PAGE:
Last-minute drama as Afghan presidential front-runners sign up

Reuters

(Corrects description of Sayyaf in final paragraph)

By Hamid Shalizi

KABUL, Oct 6 (Reuters) - Three men considered front runnersin Afghanistan's presidential election staged dramaticlast-minute nominations on Sunday, the start of what is expectedto be a chaotic but critical race for the palace in the firstdemocratic transfer of power.

The April election is considered the most crucial since theU.S.-led overthrow of the Taliban regime in 2001, with more thana decade of Western-led reforms resting on its outcome amidincreasing Taliban violence.

It comes during the same year as the end of the NATO-ledcombat mission and will be modern Afghanistan's first democratichandover to a new leader, with President Hamid Karzai barred bythe constitution from running for a third term.

Karzai's older brother, Qayum, former foreign ministerZalmay Rassoul and Western-leaning intellectual Ashraf Ghani allfiled their papers in the last few hours of the three-week-longnomination period.

"With the help of Almighty God and the people, we are readyto form a government," said Qayum, who has studiously avoidedpublic appearances until Sunday.

There were chaotic scenes outside the Independent ElectionCommission's media hall as Qayum, 56, and his entourage walkedinto the building, with police barring some of his supportersdue to overcrowding.

Qayum had arrived in a convoy of dozens of armouredfour-wheel drive vehicles plastered with posters. Some of thevehicles had government licence plates, despite Qayum holding nogovernment post.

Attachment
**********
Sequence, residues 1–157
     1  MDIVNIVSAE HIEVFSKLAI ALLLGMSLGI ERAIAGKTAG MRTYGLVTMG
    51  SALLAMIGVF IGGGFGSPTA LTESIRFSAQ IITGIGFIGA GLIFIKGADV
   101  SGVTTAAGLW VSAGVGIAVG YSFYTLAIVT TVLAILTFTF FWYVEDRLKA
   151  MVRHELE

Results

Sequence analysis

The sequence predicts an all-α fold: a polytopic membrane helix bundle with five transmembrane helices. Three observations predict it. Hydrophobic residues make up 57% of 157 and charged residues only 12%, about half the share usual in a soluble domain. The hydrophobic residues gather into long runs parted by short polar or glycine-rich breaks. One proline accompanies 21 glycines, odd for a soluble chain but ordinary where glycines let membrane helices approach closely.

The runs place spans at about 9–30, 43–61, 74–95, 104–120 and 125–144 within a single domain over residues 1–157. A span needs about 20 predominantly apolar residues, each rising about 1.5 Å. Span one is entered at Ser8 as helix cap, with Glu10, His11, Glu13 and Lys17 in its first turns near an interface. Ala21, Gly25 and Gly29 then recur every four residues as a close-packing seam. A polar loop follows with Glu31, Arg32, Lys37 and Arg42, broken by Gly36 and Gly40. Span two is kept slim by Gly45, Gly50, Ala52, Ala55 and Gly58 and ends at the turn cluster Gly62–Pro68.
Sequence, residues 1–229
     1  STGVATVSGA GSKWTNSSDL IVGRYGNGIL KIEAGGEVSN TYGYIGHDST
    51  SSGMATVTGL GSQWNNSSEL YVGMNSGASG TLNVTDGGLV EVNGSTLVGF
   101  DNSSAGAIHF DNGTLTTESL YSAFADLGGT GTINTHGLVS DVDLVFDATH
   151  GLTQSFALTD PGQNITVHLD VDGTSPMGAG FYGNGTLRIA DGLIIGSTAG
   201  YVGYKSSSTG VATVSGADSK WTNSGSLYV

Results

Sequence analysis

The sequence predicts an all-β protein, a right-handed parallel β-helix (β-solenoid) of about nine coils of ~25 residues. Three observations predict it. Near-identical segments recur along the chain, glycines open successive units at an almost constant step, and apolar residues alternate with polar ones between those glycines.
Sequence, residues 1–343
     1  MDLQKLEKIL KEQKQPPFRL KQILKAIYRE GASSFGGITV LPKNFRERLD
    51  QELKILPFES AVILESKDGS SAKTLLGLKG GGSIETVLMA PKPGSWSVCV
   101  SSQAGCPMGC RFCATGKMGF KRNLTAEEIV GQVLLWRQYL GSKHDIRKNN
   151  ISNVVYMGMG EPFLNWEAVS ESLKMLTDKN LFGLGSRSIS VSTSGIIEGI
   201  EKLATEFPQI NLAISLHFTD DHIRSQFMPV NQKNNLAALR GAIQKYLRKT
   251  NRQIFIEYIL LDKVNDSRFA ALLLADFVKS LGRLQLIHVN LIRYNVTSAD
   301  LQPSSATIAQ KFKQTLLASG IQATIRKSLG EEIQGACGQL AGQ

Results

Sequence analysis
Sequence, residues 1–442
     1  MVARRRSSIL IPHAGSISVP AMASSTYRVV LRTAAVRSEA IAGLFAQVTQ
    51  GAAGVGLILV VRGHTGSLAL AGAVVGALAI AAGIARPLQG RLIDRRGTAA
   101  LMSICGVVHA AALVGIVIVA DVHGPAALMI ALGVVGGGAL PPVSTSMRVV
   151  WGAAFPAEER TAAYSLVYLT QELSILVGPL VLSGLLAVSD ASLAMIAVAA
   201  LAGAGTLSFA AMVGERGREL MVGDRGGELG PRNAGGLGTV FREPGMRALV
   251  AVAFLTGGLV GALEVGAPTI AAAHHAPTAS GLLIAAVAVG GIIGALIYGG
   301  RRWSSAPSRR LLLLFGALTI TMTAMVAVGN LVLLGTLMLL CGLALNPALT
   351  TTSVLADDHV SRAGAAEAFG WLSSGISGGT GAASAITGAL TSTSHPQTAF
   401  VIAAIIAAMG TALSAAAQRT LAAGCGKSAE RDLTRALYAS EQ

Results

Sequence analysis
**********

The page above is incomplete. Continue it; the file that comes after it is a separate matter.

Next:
He was the last the of major candidates to register,arriving hours after Rassoul and Ghani had filed their papers.

"Afghanistan needs a change, and we will be the ones to winthis election," said Ghani, who came third in the 2009 election.

The former finance minister was accompanied by his unlikelyrunning mate, ethnic Uzbek warlord turned politician, AbdulRashid Dostum.

Dostum, who exerts tight control over more than a millionvotes in the Uzbek north, had initially been part of a broadanti-Karzai alliance called Etihad ("Unity").

He split from the group late last month and engaged in aseries of flirtations with pro-government candidates beforesettling on Ghani.

Patrician Rassoul, flanked by at least a dozen bodyguards,was welcomed to the hall by a line of Afghan boys and girls intraditional clothes clutching bouquets.

All three have been separately mentioned by diplomaticsources and the media as Karzai's favoured candidate, though hehas said repeatedly that he will not support any one person.

The leading opposition candidate, Abdullah Abdullah, and aformer Islamist warlord turned parliamentarian, Abdul RassoulSayyaf, registered earlier in the week. (Additional reporting by Dylan Welch; Writing by Dylan Welch;Editing by Nick Macfie)

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